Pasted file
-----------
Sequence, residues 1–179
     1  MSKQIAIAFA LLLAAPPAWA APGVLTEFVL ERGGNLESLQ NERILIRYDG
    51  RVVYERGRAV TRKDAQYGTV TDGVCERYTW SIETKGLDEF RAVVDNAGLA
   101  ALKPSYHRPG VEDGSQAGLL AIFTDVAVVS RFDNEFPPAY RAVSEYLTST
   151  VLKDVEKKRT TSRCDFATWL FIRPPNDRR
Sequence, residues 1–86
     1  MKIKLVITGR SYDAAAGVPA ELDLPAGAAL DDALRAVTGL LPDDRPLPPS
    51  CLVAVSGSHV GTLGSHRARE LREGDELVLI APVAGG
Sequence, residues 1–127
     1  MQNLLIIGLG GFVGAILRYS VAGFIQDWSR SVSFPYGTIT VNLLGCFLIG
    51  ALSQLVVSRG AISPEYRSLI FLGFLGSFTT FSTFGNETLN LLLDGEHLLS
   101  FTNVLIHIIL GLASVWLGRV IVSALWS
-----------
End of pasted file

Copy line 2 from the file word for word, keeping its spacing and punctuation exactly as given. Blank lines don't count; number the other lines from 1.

     1  MSKQIAIAFA LLLAAPPAWA APGVLTEFVL ERGGNLESLQ NERILIRYDG